The technology of high quality paper engraving, augmented with serial numbers, threads and holograms, and the technology of central banks, allow fiat money to work. The vast majority of nations have central banks to lend to the commercial banks in times of crisis and to manage the banking system and money supply indirectly.

So those are Money 1.0 and Money 2.0. In summary:

Money 1.0 – Public or private, asset-based, intrinsic value, coins or bars of precious metal

Bureau of Engraving and Printing, U.S. Dept. of Treasury

Money 2.0 – Public and sovereign, debt-based, no intrinsic value, paper and digital.

Most Money 2.0 is digital, with the circulating currency representing a small percentage. Money mostly comes into circulation not through the printing press, but when banks make new loans. If a bank creates an auto loan, it credits the checking account of its customer digitally. Banks are allowed to make new loans within the limits of their central bank authority determined reserves and equity capital requirements.

Note as an aside that Money 1.0 and Money 2.0 can coexist. We mostly have Money 2.0 in the United States, but there was a small amount of silver coinage money circulating alongside up until the 1960s. This is an important principle, since we are beginning to see the coexistence of Money 2.0 and Money 3.0.

What about Money 3.0? Cryptocurrencies are purely digital, whereas Money 2.0, fiat and debt-based money, is mostly digital.

Why Money 3.0? Technologists and advocates of non-fiat money were concerned about the risks of centralized monetary systems dominated by central banks and by money center banks engaged in fraudulent activities around mortgages and other lending with derivatives including CDOs, CDSs and more. The corrupt system lead to the Great Recession of 2008. Everyone in the society suffered, but the banks were bailed out by enormous government loans.

There were more than 50 attempts at creating a digital crypotcurrency prior to the year 2000. None succeeded. One was gold-based and known as e-gold. It was shut down in 2009 by the US government, because it ran afoul of stricter money laundering regulations. It was also subject to repeated thefts of accounts from Russian and other criminal hackers.

A successful non-fiat cryptocurrency must provide a single secure ledger of entries to protect against counterfeiting and double spending. It must have a method of commiting a single instance of a transaction to this secure ledger that is publicly shared, and is known as the blockchain. It must have a built-in automated “central banking” function that determines the money supply.

Satoshi Nakamoto’s brilliance was to combine a number of existing ideas around public/private key cryptography, distributed ledgers, and a mining algorithm with “proof of work” that rewarded miners for solving a difficult cryptographic hash problem. Transactions are signed with private keys. All bitcoins reside in the distributed ledger. The owner has a wallet with the key that allows them to transfer bitcoin in arbitrary amounts to someone else and thus confers ownership.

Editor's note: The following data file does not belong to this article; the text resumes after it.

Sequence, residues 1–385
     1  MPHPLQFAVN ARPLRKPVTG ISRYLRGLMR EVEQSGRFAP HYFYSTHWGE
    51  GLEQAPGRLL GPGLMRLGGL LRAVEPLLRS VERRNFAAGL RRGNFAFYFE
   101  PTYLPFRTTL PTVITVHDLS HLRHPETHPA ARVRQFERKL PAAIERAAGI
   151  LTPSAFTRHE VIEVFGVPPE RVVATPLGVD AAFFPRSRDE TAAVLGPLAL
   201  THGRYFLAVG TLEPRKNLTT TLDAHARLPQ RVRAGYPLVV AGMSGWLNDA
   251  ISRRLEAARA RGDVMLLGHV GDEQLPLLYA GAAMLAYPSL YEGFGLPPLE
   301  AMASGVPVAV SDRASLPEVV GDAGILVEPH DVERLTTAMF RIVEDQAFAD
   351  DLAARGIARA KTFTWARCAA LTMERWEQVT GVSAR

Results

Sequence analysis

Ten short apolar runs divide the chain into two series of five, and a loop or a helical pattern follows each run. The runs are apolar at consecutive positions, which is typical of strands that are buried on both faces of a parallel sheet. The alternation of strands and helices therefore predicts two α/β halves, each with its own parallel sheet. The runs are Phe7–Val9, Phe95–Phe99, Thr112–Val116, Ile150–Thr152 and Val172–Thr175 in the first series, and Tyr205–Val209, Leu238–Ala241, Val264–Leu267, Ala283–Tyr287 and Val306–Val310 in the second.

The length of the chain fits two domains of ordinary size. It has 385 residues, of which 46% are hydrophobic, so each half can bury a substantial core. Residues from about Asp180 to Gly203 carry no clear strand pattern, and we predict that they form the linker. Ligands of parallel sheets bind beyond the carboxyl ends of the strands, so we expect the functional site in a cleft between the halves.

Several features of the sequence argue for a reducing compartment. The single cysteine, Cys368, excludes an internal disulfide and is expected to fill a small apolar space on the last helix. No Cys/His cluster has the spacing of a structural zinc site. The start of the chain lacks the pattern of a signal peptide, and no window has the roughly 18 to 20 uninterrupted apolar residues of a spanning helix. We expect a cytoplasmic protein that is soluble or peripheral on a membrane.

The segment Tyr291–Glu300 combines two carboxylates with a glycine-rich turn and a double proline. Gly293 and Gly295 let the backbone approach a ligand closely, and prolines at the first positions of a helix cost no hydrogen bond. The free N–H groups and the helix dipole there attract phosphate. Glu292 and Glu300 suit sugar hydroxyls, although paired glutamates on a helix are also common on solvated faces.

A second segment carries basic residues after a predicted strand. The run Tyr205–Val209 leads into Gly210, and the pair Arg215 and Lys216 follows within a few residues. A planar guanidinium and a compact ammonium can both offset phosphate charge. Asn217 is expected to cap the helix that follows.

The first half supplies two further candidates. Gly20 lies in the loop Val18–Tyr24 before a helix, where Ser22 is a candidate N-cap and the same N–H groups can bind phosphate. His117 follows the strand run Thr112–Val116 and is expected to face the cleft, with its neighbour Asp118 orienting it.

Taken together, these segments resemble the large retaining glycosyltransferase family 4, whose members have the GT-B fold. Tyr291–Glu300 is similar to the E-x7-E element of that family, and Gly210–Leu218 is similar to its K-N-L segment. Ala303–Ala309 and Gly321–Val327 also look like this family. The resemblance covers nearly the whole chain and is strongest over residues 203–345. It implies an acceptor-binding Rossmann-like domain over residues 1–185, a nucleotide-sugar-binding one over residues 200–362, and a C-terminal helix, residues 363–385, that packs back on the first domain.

The supply is limited with a maximum at 21 million bitcoins that will not be reached until well into the 22nd century. New bitcoin comes into existence in conjunction with the mining of blocks of transactions. The successful miner is rewarded with an allocation of new coins, presently 12.5 coins per block of approximately 2000 transactions. So here we have the central banking function and a digital minting or mining process for the ‘coins’ which are really just ledger entries.

We describe this Nakamoto consensus algorithm and the mining process in more detail at

Now we have not just Bitcoin, but Ethereum, Bitcoin Cash (which is a recent fork of Bitcoin with large block size), Ripple, Litecoin and hundreds more cryptocurrencies. We have new coins being created rapidly in conjunction with new applications and ICOs – initial coin offerings.

The largest of these, those with market caps in the billions of dollars, meet the three requirements for money. Unit of account. Medium of Exchange. Store of value. Their limitations at present relate to the latter two attributes. They are accepted as medium of exchange in some environments, but relatively few compared to existing fiat currencies. And as a result of that their value is less stable and determined more by investment and speculative demand. Their ultimate value will be determined by the cryptocurrency economy as uses cases, applications, and acceptance grow.

They are child currencies, developing and growing, but far from the maturity of an existing national fiat currency. The value should continue to grow for the long term, however since transaction volumes are increasing very rapidly.

So now we have in the world:

Money 3.0 – Private and globally distributed, asset-based, digital only.